I thought this was a bit different from our usual treatment of Newton, enjoyable to read and not too long. It takes us a bit closer to Newton the person in a relatively short text. It's a really worthwhile contribution for those interested in Newton. I found it gave plenty to meditate on, suggesting that further study and thinking on Newton is likely to continue to unfold. It reminded me to try to read more of Newton's non-scientific writings.
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on 18 September 2003
Isaac Newton. Indisputably one of the most gifted scientist of all time. The man invented calculus, brought experimental sceince to the masses, modelled the dynamic of nature with pen and paper. Now Glieck has brought out a book trying to introduce him to the non-scientific public, and he has a good stab at it. Unfortunately for Gleick is quite hard to get across just how much Newton did for the world in general and science in particular, especially when you're trying not to get technical (there are no equations in this. it's a "biography", not a histroy ofmathematics).
Whilst the book certianly gives a good description of Newton's middle life (from starting at Cambridge to his move to London around the age of 50) the author seems to get so caught up in the ideology that Newton was God's gift to science, nature and the world in general that everything he says has to have a melodramatic and romantic twist. As a result you read the book feeling like you're floating from one anecdote to the next without being told any details or really being captured bythe story.
Newton was undoubtedlly one of the very few people in history who can make a claim to be part of the top intellectual echelons, but it's a shame this claim is done justice by the quality of this biography. It says nothing less than that about the man himself - Gleick quite obviously holds Newton with great reverance - but the stories and tales are told in such a round about way sometimes that you quite often nmiss the point.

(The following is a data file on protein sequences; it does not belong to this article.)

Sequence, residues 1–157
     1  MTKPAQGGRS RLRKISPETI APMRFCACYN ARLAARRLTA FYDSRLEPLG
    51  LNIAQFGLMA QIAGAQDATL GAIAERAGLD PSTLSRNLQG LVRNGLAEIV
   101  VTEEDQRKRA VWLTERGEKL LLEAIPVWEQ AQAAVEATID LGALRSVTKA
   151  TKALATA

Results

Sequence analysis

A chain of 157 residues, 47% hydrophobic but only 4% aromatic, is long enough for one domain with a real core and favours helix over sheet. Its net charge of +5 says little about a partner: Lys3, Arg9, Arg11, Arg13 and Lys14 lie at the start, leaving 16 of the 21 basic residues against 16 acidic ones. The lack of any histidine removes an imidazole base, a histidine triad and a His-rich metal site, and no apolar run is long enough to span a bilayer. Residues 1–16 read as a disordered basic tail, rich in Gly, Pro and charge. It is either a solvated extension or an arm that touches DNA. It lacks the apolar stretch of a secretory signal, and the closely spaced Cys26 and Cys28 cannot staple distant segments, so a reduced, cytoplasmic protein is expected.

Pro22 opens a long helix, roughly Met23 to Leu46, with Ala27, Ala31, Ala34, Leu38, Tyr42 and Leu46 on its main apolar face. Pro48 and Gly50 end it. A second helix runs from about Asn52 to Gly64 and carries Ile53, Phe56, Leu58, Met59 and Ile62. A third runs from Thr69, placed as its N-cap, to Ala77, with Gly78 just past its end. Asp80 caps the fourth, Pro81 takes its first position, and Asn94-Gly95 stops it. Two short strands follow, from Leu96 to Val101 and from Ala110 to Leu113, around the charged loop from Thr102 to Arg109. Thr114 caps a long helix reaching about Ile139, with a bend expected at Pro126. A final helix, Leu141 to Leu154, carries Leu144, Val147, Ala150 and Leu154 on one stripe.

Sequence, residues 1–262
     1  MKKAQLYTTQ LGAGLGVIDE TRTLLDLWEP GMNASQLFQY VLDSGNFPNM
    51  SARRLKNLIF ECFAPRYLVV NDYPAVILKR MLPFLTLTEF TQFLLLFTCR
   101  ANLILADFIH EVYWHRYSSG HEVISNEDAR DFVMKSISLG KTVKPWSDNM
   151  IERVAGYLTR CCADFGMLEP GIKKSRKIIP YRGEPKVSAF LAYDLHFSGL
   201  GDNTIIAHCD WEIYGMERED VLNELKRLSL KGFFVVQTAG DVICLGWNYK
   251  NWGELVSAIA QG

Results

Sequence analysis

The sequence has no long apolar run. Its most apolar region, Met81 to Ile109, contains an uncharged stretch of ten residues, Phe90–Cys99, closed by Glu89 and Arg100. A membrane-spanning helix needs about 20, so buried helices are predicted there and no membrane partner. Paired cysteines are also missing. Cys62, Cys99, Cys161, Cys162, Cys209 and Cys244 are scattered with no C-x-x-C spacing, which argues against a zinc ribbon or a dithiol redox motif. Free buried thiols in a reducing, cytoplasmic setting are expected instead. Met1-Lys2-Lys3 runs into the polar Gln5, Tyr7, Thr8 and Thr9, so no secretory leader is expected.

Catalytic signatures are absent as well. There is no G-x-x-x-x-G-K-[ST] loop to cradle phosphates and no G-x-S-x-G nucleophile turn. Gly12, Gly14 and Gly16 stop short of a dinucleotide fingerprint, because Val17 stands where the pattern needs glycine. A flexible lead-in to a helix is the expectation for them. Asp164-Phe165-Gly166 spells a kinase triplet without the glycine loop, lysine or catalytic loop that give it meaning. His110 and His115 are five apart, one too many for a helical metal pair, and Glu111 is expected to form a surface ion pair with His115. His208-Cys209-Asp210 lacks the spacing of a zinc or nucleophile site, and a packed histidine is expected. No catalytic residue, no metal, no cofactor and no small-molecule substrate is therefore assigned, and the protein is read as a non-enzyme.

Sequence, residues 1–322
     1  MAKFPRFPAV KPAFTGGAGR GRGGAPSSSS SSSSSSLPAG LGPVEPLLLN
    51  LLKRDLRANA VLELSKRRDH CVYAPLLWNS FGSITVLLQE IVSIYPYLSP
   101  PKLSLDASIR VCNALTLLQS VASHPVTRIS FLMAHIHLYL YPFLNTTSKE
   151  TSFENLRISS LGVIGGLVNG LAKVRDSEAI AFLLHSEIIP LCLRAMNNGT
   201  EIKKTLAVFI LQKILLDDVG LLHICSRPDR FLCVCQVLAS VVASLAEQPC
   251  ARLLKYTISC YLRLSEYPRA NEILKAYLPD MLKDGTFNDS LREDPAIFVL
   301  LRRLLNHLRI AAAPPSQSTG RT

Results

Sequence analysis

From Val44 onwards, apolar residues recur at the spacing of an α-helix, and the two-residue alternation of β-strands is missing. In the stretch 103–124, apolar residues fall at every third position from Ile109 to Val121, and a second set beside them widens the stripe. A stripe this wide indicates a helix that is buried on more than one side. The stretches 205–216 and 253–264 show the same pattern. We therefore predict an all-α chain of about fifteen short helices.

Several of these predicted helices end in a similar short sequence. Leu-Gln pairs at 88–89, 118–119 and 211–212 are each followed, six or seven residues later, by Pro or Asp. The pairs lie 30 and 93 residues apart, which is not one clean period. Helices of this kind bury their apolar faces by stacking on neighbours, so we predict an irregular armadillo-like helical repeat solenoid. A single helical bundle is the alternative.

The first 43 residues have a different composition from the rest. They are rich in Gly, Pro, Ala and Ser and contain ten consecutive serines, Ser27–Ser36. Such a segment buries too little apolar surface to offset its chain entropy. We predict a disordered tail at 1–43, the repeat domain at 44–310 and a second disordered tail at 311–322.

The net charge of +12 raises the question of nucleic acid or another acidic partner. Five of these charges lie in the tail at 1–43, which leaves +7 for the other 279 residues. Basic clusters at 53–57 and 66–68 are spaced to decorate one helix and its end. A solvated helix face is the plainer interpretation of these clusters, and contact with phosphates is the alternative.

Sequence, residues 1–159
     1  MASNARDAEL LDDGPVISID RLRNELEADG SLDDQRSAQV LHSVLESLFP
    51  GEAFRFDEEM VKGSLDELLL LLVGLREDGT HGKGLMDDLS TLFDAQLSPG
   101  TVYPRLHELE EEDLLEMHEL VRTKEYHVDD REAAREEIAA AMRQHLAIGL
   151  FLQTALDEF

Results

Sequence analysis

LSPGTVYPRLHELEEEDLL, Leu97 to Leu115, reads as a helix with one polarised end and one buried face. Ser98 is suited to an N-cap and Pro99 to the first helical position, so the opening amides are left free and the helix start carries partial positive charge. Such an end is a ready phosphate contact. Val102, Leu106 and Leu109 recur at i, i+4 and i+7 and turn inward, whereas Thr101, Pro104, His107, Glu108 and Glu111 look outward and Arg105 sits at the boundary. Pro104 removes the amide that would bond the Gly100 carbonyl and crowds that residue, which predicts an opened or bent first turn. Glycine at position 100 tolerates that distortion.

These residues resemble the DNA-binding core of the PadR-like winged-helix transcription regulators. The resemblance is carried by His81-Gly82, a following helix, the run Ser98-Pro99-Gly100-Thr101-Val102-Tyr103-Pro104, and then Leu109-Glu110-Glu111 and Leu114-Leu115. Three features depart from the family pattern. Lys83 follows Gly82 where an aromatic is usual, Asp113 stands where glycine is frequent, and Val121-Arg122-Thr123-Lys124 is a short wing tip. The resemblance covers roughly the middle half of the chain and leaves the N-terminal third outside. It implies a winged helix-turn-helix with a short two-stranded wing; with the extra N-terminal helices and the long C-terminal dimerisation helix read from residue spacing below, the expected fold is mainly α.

Still, it does a good job of noting the impact he had on science, gives you an insight into his personality (one that common of geniuses in eras gone by) and does so without you needing to understand the maths. If that sounds like what you want, buy it.
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on 3 May 2016
If you are looking for a highly poetic, dramatized, self-indulgent biography of Newton, this is the one. If you do not want to read a book which shouts from every page 'look at me and how clever I am at writing about things using 10 words when 5 is ample' then steer clear.

A very disappointing and very hard-going read for anyone who simply wants to learn and understand about Isaac Newton the man and his work.
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on 7 March 2008
James Gleick writes well and tells the story of Newton's life in a readable fashion, but this book didn't really add anything to what I already knew about the great man. It would be a good introduction if you don't already know about Newton's life and work, but not worth bothering if you do know something of the subject.

And I agree that the notes should have been included in the text!

Charlie T.